LANDRY: They enjoyed their work. And they had students who were productive. I think I mentioned to you about Greg Crawford, who's now president of Miami University. Just if you look at his record alone of somebody who went through the LCI, what he accomplished is staggering. He went first to work at the Naval Research Lab, he moved to Xerox. He went from there to Brown University, and from there, he went to Notre Dame, where he was dean for research. Now, he's president of Miami University. Similar trajectory for Joe Whitehead, who's vice president and provost of Bowling Green. He went first to some university in Atlanta—was it Emory?—from there to Southern Mississippi, where he was a professor and a dean, and then to North Carolina A&T, where he was VP and provost, and now he's at a similar job at Bowling Green. They were both productive scientists all the way through their careers.
CRAWFORD: Would you say that the Liquid Crystal Institute imparted a work ethic to them and its students and alumni and so forth?
LANDRY: I think they came to us with that work ethic. I know with Joe Whitehead, he went to Delta State in Mississippi, and he came to Kent State because they had a program for graduate students who had missed some required element for continuing their careers. But he played football, and the coach asked him to stay an extra year because he was a redshirt. And he said, "No, I want to be a scientist. I'm moving on." So, I think they already had this initiative, and it was recognized.
CRAWFORD: It certainly sounds like the Liquid Crystal Institute, again because of its established reputation, was probably able to attract individuals like that at all levels.
LANDRY: Yes, exactly.
CRAWFORD: I want to ask some bigger questions reflecting on your time at the Liquid Crystal Institute. I know we've talked about the growth of the Institute, the change of direction. Are there any other significant developments or significant differences in the Liquid Crystal Institute when you retired in 2002 versus when you started in 1983?
LANDRY: Just the size of it, and the redirection of interests into the optical and display applications.
CRAWFORD: Those two things really sound like they reshaped the Institute in a significant way.
LANDRY: Yes, they did.
CRAWFORD: What about your experience as an individual at the Liquid Crystal Institute? What would you say are the most significant achievements of your career at the Liquid Crystal Institute?
LANDRY: I think, partly, it’s just holding it together and handling the day-to-day operations. As much as I could, I would solve whatever problems came up before turning them over to Dr. Doane or Dr. West, who followed him. I tried to keep their time directed to the scientific part of it and handle really the mundane operations of day to day. Building problems, for instance. Because there always are building problems of one sort or another. Suggesting different ways to solve space problems. Because we had to often double up office occupancy and things like that. We were always having to buy more furniture, or build more cabinets, or work on furnishing a lab when we moved into that new building. Because some of them were not equipped at the time we moved in. And so as we added people, we would have to bring their labs up to code.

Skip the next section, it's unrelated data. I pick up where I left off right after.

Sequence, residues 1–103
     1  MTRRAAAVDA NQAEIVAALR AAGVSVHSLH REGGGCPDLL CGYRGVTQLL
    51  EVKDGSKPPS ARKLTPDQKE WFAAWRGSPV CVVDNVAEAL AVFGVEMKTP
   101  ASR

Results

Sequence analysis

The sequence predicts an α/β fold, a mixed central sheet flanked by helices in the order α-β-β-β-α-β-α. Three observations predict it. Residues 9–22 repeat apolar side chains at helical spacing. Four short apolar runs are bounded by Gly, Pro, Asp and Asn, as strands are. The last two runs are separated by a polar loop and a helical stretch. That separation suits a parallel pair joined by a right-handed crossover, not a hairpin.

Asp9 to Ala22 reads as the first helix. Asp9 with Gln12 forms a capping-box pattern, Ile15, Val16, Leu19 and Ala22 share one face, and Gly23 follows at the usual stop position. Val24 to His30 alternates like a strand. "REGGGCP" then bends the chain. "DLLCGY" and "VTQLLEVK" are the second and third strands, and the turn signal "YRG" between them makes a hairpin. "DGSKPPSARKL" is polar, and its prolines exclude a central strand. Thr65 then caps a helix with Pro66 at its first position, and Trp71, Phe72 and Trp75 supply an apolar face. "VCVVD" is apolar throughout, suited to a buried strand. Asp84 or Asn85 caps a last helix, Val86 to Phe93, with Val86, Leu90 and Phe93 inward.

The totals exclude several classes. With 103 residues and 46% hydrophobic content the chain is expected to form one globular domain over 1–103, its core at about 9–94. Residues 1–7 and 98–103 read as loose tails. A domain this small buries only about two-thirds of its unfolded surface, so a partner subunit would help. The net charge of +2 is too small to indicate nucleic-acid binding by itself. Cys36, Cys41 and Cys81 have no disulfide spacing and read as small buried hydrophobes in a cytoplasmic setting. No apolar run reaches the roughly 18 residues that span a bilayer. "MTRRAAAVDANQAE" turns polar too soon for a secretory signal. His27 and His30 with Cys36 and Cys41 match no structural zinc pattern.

CRAWFORD: So you really saw your role as trying to deal with as many of these sorts of things so that Dr. Doane, Dr. West, the other faculty and researchers at the LCI could really focus on doing the science or doing the other activities in support of science?
LANDRY: Yes, exactly.
CRAWFORD: That's certainly a significant contribution, like you said, sort of holding things together. I wonder if you could say a little bit about maybe what was your favorite part of working at the LCI. You've mentioned a number of positive experiences that you had. It doesn't have to be your favorite part, but favorite part or parts.
LANDRY: I really think my favorite part was solving intricate problems, handling things like visa applications. Really it was a challenge to do all the work with the ILCS and all the registration with the state. I have to say, the state people and the IRS people helped me get through it. Because when I started trying to solve this problem, I had no idea where to go. The problems started because the conference, in 1996, (7) made $28,000 in profit, and the IRS wanted an accounting of where that money came from. That was when I found out that nothing had ever been registered. I went to work on solving that problem and getting it—let’s see, that was in ninety…’86.. It took me until '90, really, to get—because in 1990 at the conference in Vancouver, British Columbia, I made a report to the committee that was running the conference on how we had resolved the problems. Then, from there, the ILCS took off. I enjoyed that kind of challenge.